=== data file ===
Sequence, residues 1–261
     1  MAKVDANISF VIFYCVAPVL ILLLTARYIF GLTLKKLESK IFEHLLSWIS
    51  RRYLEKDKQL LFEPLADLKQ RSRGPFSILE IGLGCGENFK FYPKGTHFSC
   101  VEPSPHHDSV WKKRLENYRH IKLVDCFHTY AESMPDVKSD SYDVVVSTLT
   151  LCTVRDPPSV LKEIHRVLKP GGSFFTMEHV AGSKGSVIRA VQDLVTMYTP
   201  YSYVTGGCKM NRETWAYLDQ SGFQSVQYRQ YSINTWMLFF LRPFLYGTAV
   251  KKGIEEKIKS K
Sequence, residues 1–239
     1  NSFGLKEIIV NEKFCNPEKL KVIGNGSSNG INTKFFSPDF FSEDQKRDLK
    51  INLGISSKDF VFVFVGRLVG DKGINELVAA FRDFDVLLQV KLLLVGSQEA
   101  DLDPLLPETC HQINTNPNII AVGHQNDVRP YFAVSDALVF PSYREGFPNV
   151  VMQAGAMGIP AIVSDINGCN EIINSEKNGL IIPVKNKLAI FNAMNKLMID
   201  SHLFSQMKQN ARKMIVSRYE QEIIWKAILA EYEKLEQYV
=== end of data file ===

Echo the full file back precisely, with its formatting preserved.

Sequence, residues 1–261
     1  MAKVDANISF VIFYCVAPVL ILLLTARYIF GLTLKKLESK IFEHLLSWIS
    51  RRYLEKDKQL LFEPLADLKQ RSRGPFSILE IGLGCGENFK FYPKGTHFSC
   101  VEPSPHHDSV WKKRLENYRH IKLVDCFHTY AESMPDVKSD SYDVVVSTLT
   151  LCTVRDPPSV LKEIHRVLKP GGSFFTMEHV AGSKGSVIRA VQDLVTMYTP
   201  YSYVTGGCKM NRETWAYLDQ SGFQSVQYRQ YSINTWMLFF LRPFLYGTAV
   251  KKGIEEKIKS K
Sequence, residues 1–239
     1  NSFGLKEIIV NEKFCNPEKL KVIGNGSSNG INTKFFSPDF FSEDQKRDLK
    51  INLGISSKDF VFVFVGRLVG DKGINELVAA FRDFDVLLQV KLLLVGSQEA
   101  DLDPLLPETC HQINTNPNII AVGHQNDVRP YFAVSDALVF PSYREGFPNV
   151  VMQAGAMGIP AIVSDINGCN EIINSEKNGL IIPVKNKLAI FNAMNKLMID
   201  SHLFSQMKQN ARKMIVSRYE QEIIWKAILA EYEKLEQYV